Take a deep breath – you made it! The end of the school year is here and summer is so close you can taste the chlorine from the pool and burgers on the grill. There is one last hurdle standing between you and summer break:
For many schools, report card time is one of the most logistically challenging parts of the year. There are so many details to take care of and deadlines to meet – all while trying to complete all of the regular responsibilities of running a classroom or a school.
If you’ve blocked it from your memory or just want a refresher of what report card time is like, let me give you a quick reminder:
Throughout the term, your teachers assembled grades and kept track of them using their own unique methods. They fielded questions from parents and administrators regarding student progress via email or phone calls, or letters home to parents.
Near the end of the term, they assembled all of their student data and distributed everything to the school administration. Your administrators had to ensure all the data was received and nothing was missing, reaching back out to teachers for missing details or reminding about deadlines.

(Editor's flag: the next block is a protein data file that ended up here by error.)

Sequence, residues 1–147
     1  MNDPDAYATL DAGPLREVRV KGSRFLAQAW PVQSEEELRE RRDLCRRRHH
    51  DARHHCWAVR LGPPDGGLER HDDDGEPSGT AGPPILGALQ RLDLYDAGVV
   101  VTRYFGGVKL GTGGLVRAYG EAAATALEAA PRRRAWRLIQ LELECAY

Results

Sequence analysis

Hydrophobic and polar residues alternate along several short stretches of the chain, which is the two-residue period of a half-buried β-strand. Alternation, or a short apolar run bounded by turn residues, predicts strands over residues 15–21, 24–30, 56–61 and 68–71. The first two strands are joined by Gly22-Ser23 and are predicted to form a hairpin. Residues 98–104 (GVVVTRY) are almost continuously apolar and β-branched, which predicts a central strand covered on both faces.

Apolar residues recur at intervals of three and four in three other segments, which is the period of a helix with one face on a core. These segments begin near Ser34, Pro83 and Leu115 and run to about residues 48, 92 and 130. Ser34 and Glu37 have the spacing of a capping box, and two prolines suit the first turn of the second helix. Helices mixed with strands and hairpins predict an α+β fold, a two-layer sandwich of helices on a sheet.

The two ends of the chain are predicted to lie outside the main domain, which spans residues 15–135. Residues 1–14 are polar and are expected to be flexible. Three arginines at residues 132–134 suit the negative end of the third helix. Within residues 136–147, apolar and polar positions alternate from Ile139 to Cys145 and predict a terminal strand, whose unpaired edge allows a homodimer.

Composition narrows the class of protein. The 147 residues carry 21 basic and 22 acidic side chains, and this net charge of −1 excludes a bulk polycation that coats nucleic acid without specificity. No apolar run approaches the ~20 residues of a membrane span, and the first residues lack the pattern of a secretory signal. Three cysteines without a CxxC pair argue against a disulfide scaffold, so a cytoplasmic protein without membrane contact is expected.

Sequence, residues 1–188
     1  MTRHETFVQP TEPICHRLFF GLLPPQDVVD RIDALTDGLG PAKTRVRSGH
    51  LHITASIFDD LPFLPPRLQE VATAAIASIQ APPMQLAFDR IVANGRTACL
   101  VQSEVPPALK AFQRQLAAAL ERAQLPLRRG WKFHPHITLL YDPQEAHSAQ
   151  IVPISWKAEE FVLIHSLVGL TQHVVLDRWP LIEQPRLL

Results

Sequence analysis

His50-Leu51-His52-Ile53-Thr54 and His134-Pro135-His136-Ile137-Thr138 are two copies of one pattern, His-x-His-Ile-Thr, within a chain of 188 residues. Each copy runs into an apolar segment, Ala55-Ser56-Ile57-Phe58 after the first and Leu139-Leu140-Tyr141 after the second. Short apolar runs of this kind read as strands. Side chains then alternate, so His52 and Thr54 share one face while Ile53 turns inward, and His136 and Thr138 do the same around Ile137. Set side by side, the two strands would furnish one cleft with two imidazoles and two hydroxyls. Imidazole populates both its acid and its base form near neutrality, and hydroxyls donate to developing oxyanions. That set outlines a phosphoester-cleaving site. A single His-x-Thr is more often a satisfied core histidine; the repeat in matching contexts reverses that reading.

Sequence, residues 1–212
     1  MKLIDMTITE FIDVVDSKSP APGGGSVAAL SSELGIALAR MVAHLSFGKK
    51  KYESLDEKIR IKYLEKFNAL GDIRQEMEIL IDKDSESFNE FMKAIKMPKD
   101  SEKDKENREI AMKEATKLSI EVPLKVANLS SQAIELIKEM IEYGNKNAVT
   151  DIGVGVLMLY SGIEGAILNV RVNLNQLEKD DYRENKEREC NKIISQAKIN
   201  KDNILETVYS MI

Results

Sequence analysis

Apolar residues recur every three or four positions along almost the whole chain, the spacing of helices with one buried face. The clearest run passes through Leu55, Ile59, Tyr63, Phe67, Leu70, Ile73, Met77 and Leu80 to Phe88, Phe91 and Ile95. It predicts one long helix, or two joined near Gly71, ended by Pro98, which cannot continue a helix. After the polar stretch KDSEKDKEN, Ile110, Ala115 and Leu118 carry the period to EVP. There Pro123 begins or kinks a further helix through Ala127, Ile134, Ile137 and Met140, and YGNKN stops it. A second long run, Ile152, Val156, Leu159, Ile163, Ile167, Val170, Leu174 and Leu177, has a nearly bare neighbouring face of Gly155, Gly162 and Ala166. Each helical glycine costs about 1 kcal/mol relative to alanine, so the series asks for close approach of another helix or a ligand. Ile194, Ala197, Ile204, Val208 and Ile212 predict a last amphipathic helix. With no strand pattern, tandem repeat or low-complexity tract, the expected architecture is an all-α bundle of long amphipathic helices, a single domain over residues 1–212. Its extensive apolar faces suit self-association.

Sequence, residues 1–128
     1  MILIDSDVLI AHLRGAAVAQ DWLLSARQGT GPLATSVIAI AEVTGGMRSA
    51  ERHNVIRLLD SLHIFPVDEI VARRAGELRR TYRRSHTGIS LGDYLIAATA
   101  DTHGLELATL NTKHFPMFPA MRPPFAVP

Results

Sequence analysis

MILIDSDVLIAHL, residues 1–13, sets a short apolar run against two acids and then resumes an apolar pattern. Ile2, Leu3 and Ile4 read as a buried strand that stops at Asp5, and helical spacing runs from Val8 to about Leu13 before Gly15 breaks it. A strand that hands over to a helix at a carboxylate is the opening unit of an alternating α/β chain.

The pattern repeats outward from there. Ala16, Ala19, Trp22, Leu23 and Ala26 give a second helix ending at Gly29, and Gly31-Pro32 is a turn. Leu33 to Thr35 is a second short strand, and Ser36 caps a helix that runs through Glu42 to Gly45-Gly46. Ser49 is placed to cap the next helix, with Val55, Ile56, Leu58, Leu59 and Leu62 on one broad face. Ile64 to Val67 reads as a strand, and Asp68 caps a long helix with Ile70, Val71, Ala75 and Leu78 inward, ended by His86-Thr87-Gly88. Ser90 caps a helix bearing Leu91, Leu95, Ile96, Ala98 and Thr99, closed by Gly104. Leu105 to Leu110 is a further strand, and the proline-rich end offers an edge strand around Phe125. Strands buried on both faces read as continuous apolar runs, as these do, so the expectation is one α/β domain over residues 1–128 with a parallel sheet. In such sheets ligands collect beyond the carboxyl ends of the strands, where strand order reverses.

Then, administrators had to collate all the marks and comments, actually produce and print report cards, and have them sent home to parents.
Sounds exhausting and inefficient, right?
What if that whole process could be simplified, leaving more time for everything else the end of the year entails?
Imagine a system where teachers can input grades as the term progresses and term grades are automatically calculated and put into a standardized form that just needs to be checked over before being submitted. Parents can see current grades at any point in the term, rather than just waiting for report cards. Administrators can see at a glance which grades are missing and remind teachers with a click of a button. Once finalized, physical report cards are produced by the system based on the school’s preferences and are easy to print out and send home. They are also available digitally for those students who “lose” them.